(CNN) — The alpine setting for these vacation mountain cabins is beautiful -- inside Jasper National Park in the province of Alberta in the Canadian Rockies.
But for some people, the resort's name was becoming increasingly ugly and problematic to ignore: Pocahontas Cabins.
Now this collection of cabins run by Pursuit, a hospitality company that operates properties around the world, has a new, temporary name to go with a recent upgrade: Miette Mountain Cabins. A nearby campground has also had the same name change. The name change follows consultations with Indigenous communities with longstanding historical ties to the land that's now Jasper National Park, according to a news release Pursuit sent CNN Travel via email, and a news release from Parks Canada.
Parks Canada said it had been discussing a new name with an advisory group of the Jasper Indigenous Forum, which represents more than 25 groups, since 2020.
Representatives from the forum said in the Parks Canada release that the change "is one small step towards truth and reconciliation in Canada."
The problem with 'Pocahontas'
Spirit Island in Maligne Lake at Jasper National Park. It's the largest national park in the Canadian Rockies and part of UNESCO's Canadian Rocky Mountain Parks World Heritage Site.
Stanislav Moroz/Adobe Stock
The name of the famous Native American woman from the early 17th century is now sometimes used in an intentionally disparaging way that insults Indigenous peoples and degrades their cultures. The use of the name as a slur even crept its way into US national politics in 2017.
"We felt that it was inappropriate to have that name (Pocahontas) out here as the name comes from another tribe down east, and in respect to the tribe and the person who had the name ... it'd be wise just to remove that name from Jasper," Wesley said.
Pocahontas, who was also called Matoaka and Amonute, was a member of the Powhatan people. She helped broker peace between Native Americans and English colonists in Jamestown, Virginia. She eventually married an English settler.
She did travel very far, but in the opposite direction. She and her husband went to England, where she died.
"It is important for all visitors to Jasper National Park to understand that many of the place and site names within the park were not chosen by the Indigenous people who have called these places home for millennia," the Jasper Indigenous Forum said in the Parks Canada release.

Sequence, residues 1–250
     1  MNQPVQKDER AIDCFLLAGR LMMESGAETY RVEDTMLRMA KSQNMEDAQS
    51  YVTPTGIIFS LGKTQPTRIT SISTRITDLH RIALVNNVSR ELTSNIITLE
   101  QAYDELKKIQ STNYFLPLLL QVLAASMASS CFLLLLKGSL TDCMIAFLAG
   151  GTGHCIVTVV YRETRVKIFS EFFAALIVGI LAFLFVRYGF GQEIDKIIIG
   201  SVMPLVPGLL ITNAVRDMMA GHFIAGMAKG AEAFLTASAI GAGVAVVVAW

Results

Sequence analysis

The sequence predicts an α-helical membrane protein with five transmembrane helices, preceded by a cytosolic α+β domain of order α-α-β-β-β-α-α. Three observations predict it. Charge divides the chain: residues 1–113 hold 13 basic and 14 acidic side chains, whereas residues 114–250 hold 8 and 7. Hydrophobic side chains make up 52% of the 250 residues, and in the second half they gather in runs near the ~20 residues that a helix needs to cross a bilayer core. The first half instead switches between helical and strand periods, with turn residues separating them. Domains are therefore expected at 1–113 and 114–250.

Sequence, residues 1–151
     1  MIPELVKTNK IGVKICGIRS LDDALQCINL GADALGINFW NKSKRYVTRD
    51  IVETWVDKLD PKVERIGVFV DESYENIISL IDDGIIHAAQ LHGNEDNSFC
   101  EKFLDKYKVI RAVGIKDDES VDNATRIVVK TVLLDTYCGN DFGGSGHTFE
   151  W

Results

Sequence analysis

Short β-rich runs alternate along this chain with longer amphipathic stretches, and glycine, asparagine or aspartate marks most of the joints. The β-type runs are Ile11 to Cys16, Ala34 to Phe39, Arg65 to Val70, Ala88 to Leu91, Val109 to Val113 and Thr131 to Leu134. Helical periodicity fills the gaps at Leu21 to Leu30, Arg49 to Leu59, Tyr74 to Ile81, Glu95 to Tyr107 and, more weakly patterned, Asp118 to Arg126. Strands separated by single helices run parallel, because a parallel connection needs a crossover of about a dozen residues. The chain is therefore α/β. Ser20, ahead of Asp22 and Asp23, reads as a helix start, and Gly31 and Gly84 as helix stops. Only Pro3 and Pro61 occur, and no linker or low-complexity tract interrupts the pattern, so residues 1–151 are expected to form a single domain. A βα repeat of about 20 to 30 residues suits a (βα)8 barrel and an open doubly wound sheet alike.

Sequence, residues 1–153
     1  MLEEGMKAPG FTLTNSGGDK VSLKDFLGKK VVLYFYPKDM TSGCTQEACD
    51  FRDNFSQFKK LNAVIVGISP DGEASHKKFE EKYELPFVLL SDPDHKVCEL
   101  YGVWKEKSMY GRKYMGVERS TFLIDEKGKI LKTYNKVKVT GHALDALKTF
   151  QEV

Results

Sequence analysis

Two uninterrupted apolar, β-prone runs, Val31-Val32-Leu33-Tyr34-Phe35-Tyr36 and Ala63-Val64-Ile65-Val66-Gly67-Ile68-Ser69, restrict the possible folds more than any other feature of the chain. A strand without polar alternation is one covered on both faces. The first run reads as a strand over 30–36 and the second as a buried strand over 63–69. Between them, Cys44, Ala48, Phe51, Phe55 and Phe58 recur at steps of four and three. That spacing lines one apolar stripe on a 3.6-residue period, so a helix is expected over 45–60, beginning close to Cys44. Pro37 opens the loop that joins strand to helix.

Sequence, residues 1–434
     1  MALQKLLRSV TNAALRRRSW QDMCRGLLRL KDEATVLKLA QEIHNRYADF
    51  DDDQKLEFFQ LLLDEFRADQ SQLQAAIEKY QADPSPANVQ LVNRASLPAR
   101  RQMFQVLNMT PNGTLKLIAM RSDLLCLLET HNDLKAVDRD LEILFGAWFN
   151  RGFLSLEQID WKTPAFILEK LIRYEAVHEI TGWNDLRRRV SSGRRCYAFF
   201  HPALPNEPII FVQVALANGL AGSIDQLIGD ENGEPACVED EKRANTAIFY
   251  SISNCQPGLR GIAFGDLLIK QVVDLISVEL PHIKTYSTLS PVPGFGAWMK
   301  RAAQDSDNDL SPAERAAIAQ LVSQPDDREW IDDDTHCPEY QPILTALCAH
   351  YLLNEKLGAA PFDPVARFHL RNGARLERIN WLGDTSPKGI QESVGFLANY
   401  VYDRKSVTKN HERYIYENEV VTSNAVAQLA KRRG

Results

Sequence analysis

"As a group, we encourage Canadians and international visitors to educate themselves on Canada's brutal history towards Indigenous people."
About the temporary name: Miette
The name "Miette" is consistent with existing names in the region of Jasper National Park, Parks Canada said.
The campground is on Miette Road, which leads visitors to the Miette Hot Springs. The cabins are connected to both on the same road.
Parks Canada said all parties have agreed to continue discussions to find a permanent campground name that honors Indigenous cultures with connections to Jasper National Park.
"The interim renaming of Miette will allow the time needed to continue discussions to ensure community members of all ages see their culture and language reflected back on these lands of enduring significance," said Alan Fehr, field unit superintendent of Jasper National Park.
A new look with the name change
The lodgings at Miette Mountain Cabins in Jasper National Park have been upgraded.
Miette Mountain Cabins by Pursuit
Guest cabins, common areas and lodge rooms at the Miette Mountain Cabins have been upgraded recently, Pursuit said.
The renovations include 10 "reimagined Pioneer Cabins designed with contemporary yet casual mountain décor along with a redesigned main lodge lounge."
They are about a 30-minute drive from the Jasper townsite.
"As we continue to invest in the Jasper community, we are honored to be part of a larger initiative, led by our Indigenous partners to rename this historic area," said Richard Cooper, director of operations for Jasper Lodging by Pursuit.
"We are thankful to be able to work diligently in collaboration with our First Nation communities to help preserve such an incredible place."
Part of a broader movement
A general view of Uluru, once popularly called Ayers Rock. A permanent ban has been put on climbing the monolith.
Saeed Khan/AFP via Getty Images
This change comes as names and presentations of sacred places, ski resorts, sports teams, products and even theme park rides have come under increasing scrutiny.
In Australia, its famous sandstone formation in the interior was known for decades as Ayers Rock. In 2002, the rock took on the official name of Uluru / Ayers Rock. But the sacred Aboriginal monolith is now often called the solo "Uluru," including by CNN Travel. The Squaw Valley Alpine Meadows ski resort in California changed its name to Palisades Tahoe in September 2021, acknowledging that the word "squaw" is considered a "racist and sexist slur." Some sports teams have been under pressure for years to come up with new names. In 2021, the Major League Baseball team the Cleveland Indians said they were changing their name for the 2022 season to the Cleveland Guardians. Eskimo Pie decided in 2020 on a new name after it acknowledged its original name was offensive toward Indigenous Arctic communities. The chocolate-covered vanilla ice cream bar became Edy's Pie. Disneyland in California and Disney World in Florida kept the name Jungle Cruise for its popular boat ride but overhauled the decorative themes that had controversial depictions of Indigenous people. Disney said in 2020 a similar overhaul would be in the works for Splash Mountain, which is based on the controversial 1946 film "Song of the South." That overhaul has yet to debut.